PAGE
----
KCET sells Sunset Boulevard studios to Church of Scientology

KCET's landmark studio on Sunset Blvd.
KCET's landmark studio on Sunset Blvd. Fire Monkey Fish/Flickr (cc by-nc-sa)

KCET, which severed its long-standing ties with PBS at the beginning of the year, announced Monday that it has sold its Sunset Boulevard production studios to the Church of Scientology.

Al Jerome is KCET’s president. He describes this sale as part of the second phase in KCET's transition from PBS affiliate to independent public media center. "The first phase, of course, was independence, and we had to move out from under the PBS situation," says Jerome. "The second phase is to move into a new location that allows us to really create the right environment for our future as an independent public media center.

"We also have to get the right kind of equipment that allows us to take advantage of the rapid changes that have taken place in technology across all media platforms and get oriented toward this. And the third phase, of course, is to develop and produce particularly the local programs that will distinguish us in the new era of KCET, as opposed to the ones we have been through."

KCET dropped the affiliation in January with PBS – and also dropped some viewers. "Our hope is to obviously gain audience back – not necessarily all the same audience," says Jerome. "With as significant a change in programming as we've had, I think what we're in the process of doing is reconstituting an audience. And we've seen some really interesting information.

"It's a little too early to talk much about, but our audiences have generally been up, the audience we had in January, as more than a 30 percent increase in our weekday children's block. Our 4 to 7 international news block has grown 67 percent from March to January, where we're running BBC World News, and Al Jazeera English, and NHK, IBA Israel. And some of our primetime programs, like Doc Martin, and MI-5 and Hustle have shown growth. So while we certainly have not recaptured the full audience that we had as a PBS affiliate, I think the numbers are going in the right direction."

The new facility likely won't be as large as the building being sold. "In the existing facility that we're in, there are 105,000 square feet, and there are three sound stages. And we think we need more in the neighborhood of 60,000 square feet."

Jerome looked back on what happened this year and talked about the odds of rejoining PBS as an affiliate down the road. "If in fact we would be able to remain or rejoin PBS at an affordable, sustainable level, we would certainly consider that," says Jerome. "But with our dues having increased 40 percent over four years when the economy was coming down, we couldn't maintain the $7 million a year dues bill, and that's why we frankly spent a year negotiating to try to either have some reduction in that level of dues or to have a relief from the requirement that we carry all of the PBS lineup. So, in other words, if we were able to get relief on one of those two things, and if that was PBS's wish, we would certainly consider that."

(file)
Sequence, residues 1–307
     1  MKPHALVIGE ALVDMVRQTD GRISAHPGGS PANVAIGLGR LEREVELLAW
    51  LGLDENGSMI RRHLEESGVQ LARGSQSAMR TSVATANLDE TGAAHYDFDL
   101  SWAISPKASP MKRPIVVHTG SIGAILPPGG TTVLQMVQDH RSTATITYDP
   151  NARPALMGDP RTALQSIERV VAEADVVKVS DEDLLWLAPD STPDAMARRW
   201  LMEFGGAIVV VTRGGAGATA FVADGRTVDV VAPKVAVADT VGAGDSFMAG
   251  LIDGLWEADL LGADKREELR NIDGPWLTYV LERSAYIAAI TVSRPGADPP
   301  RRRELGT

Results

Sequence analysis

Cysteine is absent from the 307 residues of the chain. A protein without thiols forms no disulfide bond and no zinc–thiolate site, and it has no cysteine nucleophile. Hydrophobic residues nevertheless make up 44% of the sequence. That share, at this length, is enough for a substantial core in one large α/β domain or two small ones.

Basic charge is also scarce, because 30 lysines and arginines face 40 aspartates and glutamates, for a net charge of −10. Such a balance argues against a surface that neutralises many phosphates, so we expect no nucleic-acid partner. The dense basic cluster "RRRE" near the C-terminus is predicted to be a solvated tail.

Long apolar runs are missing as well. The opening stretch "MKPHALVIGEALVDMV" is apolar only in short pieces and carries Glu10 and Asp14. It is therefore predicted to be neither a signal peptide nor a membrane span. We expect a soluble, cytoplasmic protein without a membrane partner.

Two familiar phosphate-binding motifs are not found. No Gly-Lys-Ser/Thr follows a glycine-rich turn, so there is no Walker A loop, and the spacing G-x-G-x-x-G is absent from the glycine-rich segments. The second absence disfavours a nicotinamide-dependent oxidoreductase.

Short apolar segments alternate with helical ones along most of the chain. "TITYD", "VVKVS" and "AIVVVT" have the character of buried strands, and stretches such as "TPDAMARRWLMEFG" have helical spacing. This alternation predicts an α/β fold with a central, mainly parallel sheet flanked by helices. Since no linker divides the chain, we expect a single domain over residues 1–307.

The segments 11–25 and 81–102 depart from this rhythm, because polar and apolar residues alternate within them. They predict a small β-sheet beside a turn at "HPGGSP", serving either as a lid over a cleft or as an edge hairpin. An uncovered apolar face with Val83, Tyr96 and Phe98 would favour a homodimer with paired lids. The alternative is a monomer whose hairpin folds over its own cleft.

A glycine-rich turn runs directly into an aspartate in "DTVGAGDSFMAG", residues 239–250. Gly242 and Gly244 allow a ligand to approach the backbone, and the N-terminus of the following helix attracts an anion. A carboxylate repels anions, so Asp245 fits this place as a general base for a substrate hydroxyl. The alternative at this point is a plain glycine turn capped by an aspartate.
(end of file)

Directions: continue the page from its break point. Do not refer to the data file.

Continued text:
The Church of Scientology calls the studio a perfect fit for the Church’s production of religious and social betterment audiovisual properties. The sales price has not been announced.

- Steve Julian

More from KPCC wire services:

KCET, which severed its long-standing ties with PBS at the beginning of the year, announced Monday that it has sold its Sunset Boulevard production studios to the Church of Scientology.

The amount of the sale was not disclosed.

The station will continue to operate out of the studios at 4401 W. Sunset Blvd. for as long as a year until a new location is found.

"We are now implementing phase two of our transformation from a PBS affiliate to an independent public media center for the 21st century," according to KCET president and CEO Al Jerome. "New facilities and equipment will allow us to augment the quality, award-winning content that our fans love."

Jerome said station officials were in discussion with several Los Angeles-area production facilities as potential new homes.

According to the Church of Scientology, the studio includes two sound stages, post-production resources and television, satellite and Internet broadcasting capabilities.

"It is a perfect fit, in both size and location, for the expansion of the Church of Scientology's production of religious and social betterment audiovisual properties, and we welcomed the unexpected opportunity to acquire it," according to a statement from the church.

"... It is also ideally set up to establish a central media hub for our network of churches around the world. Utilizing the studio's existing satellite uplink, we will be able to provide our churches and affiliated groups globally with instantaneous access to a wealth of content, all in high definition, ranging from the church's six annual international events to new educational and introductory films and even video updates for the public informational displays located in churches around the world."

- KPCC wire services

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